This tankard was made in the 1820s or 1830s. It is made from pearlware, a light coloured pottery developed in the late 18th century. The mug has been decorated with the crest of the Independent Order of Oddfellows a friendly Society which still exists today.
Friendly Societies were organisations set up by workers and tradesmen, with the purpose of helping each other in times of need. Members would pay a membership fee and in return they would receive financial help if they got sick, had an accident or lost their job. If the worst happened, your family could receive money towards funeral costs.
Many friendly societies were specific to particular trades such as foresters, free masons or tinplate workers. But, in the early days, the Oddfellows were made up of people from different types of jobs. They worked in a trade that could not assemble a big enough group to make a beneficial society, especially in small towns. So the 'Odd fellows' came together to make their own group.
Friendly Societies established branches all across the county, usually with a single Grand Order or Lodge at its head. In 1810 the Manchester Unity of Oddfellows broke away from the Grand Order in London and became the Independent Order of Oddfellows (Manchester Unity). They persuaded other branches to join them. From this group the current Independent Order of Oddfellows was born.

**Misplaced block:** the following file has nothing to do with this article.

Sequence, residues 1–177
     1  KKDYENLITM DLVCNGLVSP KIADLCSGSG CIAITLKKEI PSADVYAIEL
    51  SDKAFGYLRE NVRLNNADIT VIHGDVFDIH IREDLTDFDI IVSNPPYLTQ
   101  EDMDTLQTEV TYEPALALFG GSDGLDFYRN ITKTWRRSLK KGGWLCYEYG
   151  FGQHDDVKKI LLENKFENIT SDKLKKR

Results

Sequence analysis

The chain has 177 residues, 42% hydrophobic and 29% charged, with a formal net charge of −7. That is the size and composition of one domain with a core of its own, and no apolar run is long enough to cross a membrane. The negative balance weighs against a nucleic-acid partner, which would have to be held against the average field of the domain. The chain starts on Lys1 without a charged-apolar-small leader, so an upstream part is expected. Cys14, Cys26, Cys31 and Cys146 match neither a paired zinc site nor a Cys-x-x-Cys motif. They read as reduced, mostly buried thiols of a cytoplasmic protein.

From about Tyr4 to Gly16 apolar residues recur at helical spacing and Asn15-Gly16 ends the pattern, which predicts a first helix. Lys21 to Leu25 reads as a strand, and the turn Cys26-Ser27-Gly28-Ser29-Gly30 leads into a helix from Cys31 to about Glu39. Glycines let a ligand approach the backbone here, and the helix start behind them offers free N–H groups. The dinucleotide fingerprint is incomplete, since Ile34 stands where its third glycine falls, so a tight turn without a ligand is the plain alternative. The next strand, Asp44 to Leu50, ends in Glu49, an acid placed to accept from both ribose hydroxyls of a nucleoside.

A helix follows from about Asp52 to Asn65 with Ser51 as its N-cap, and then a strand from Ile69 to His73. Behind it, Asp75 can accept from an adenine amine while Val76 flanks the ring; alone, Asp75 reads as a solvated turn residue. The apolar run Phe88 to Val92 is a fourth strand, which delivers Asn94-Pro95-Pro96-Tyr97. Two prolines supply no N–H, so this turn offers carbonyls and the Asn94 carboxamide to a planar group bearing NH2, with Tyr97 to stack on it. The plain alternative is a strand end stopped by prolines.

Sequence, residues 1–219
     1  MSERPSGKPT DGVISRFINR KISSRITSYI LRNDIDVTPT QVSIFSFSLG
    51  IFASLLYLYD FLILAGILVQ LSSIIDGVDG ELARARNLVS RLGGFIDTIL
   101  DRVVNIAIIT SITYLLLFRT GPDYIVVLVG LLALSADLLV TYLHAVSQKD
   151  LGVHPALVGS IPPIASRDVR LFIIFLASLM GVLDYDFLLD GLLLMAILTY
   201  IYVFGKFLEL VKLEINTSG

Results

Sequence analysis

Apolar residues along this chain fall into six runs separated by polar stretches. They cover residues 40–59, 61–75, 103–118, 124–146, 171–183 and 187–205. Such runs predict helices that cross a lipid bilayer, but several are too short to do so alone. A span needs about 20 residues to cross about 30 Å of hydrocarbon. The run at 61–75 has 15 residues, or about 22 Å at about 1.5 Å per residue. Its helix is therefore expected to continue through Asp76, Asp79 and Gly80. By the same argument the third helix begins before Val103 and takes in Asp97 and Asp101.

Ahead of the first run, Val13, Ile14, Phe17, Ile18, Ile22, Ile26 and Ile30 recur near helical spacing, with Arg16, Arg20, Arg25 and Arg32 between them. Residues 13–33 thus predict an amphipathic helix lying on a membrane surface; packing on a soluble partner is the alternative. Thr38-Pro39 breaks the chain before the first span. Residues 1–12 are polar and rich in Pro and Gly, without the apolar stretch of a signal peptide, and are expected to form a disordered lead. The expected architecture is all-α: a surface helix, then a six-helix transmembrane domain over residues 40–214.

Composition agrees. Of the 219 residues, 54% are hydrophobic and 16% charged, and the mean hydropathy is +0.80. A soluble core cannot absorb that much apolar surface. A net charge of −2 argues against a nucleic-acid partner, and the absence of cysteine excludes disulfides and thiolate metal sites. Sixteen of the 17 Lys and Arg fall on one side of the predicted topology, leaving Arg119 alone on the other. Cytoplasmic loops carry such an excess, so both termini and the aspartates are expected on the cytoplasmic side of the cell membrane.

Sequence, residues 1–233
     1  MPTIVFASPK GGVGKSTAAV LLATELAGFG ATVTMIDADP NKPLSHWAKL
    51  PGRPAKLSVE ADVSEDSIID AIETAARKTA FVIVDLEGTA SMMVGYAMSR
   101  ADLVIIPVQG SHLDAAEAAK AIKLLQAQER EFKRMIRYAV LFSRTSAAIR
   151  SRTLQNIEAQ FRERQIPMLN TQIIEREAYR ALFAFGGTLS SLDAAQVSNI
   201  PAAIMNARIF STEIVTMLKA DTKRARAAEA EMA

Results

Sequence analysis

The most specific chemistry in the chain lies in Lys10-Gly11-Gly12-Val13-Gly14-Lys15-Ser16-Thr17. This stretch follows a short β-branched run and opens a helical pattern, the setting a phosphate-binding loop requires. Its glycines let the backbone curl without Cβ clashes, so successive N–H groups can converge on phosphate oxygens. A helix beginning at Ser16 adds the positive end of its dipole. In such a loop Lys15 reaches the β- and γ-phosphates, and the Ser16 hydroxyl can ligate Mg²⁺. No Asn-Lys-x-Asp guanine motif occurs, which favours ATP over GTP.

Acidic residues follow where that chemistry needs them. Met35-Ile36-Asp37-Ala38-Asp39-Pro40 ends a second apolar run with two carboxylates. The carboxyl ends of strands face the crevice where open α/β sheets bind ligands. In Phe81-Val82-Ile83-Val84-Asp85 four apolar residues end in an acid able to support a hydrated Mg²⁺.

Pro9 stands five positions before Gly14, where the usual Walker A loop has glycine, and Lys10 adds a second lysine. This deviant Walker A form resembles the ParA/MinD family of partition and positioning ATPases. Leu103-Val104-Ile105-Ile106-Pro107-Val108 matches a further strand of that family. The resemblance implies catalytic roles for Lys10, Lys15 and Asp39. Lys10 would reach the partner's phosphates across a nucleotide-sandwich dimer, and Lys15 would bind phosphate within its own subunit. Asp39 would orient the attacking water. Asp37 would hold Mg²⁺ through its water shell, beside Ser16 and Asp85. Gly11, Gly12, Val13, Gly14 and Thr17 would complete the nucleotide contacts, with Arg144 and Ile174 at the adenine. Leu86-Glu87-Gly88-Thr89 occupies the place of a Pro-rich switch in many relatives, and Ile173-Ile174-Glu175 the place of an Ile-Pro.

In the early years of the society, meetings were compulsory and there were at least 3 toasts a night, so this mug probably witnessed a lot of action. Like other friendly societies the Oddfellows had many odd rituals which were always kept top secret. Such ritual and secrecy gave the friendly Societies great appeal, especially in the late 1800s when there were so many societies to choose from. But once a member you would swear an oath of secrecy. It has been said that the Oddfellows used fright masks in initiation ceremonies, but who knows if this is rumour or truth!